} to rely only on a small number of genes acting as transcription factors, those that are the true regulators of gene *k*. Essentially, this is a feature selection or a gene selection task [28, 32, 36, 37], where the goal is to model the target response *Y*_{
k
} with an optimal small set of important predictor variables, i.e., a subset of columns of the *X*_{−k} matrix. A more relaxed objective of the gene selection is the variable ranking, where the relative relevance for all input columns of the *X*_{−k} matrix is obtained with respect to the target vector *Y*_{
k
}. The higher a specific column is in that ranking, the higher the confidence that a corresponding TF is in a regulatory interaction with the target gene *k*.

Our solution to the variable ranking involves ensemble learning. We use an iterative regression method, which in each iteration chooses one transcription factor based on an optimality criterion, and adds it to the non-linear regression ensemble. The main body of our method, presented in Figure 1, is based on Gradient Boosting Machine [38] with a squared error loss function. First, ENNET initializes *f*_{0} to be an optimal constant model, without selecting any transcription factor. In other words, *f*_{0} is initialized to an average of *Y*_{
k
}. At each next t-th step the algorithm creates an updated model *f*_{
t
}, by fitting a base learner *h*_{
t
} and adding it to the previous model *f*_{t−1}. The base learner is fitted to a sample of pseudo residuals, with respect to a sample of transcription factors, and thus is expected to reduce the error of the model. Pseudo-residuals are re-calculated at the beginning of each iteration with respect to the current approximation *f*_{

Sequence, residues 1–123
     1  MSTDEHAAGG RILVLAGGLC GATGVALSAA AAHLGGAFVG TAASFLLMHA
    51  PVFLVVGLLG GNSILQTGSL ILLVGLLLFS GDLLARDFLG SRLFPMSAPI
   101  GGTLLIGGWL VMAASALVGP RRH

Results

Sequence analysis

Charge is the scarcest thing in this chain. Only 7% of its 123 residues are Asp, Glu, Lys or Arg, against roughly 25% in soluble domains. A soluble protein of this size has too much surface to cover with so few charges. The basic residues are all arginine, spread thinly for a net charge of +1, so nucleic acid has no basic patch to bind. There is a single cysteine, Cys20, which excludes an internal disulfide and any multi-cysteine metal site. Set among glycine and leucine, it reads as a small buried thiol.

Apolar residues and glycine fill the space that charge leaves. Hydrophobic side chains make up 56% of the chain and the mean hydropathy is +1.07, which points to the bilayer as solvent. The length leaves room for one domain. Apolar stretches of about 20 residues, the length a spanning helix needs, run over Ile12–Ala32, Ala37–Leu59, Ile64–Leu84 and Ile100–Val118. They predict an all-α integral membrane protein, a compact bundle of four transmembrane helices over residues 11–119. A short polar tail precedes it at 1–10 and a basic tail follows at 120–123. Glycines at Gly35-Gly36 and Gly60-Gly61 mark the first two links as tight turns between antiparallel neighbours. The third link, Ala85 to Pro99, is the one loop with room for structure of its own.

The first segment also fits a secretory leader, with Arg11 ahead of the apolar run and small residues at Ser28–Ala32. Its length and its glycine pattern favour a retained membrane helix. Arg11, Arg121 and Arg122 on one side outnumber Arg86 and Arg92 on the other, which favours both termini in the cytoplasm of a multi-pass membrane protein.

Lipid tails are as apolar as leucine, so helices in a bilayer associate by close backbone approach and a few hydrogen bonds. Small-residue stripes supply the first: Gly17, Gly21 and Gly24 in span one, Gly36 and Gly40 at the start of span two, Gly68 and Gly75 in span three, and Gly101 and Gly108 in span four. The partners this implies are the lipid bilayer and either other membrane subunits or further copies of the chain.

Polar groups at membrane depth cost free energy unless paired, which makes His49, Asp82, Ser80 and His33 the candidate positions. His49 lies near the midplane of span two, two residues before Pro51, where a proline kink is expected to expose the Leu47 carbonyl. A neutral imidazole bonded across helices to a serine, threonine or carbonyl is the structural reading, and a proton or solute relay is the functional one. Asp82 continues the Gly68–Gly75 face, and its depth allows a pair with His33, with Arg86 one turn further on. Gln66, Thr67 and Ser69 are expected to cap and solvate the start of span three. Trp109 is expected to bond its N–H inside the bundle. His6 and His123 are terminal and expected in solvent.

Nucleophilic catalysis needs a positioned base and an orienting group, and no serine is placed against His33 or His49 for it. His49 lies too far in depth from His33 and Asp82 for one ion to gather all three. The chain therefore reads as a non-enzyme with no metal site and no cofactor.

t
}. As a base learner, we use regression stumps, which select a single TF that best fits pseudo residuals. A regression stump *h*_{
t
}(*x*) partitions the expression values *x* of a candidate TF into two disjoint regions *R*_{1t} and *R*_{2t}, where ${R}_{2t}=\mathbb{R}-{R}_{1t}$, and returns values *γ*_{1t} and *γ*_{2t}, respectively, for those regions, as shown in Equation 2,

where *I* is the identity function returning the numerical 1 for the logical true, and the numerical 0 for the logical false. Regions *R*_{1t}, *R*_{2t} are induced such that the least-squares improvement criterion is maximized: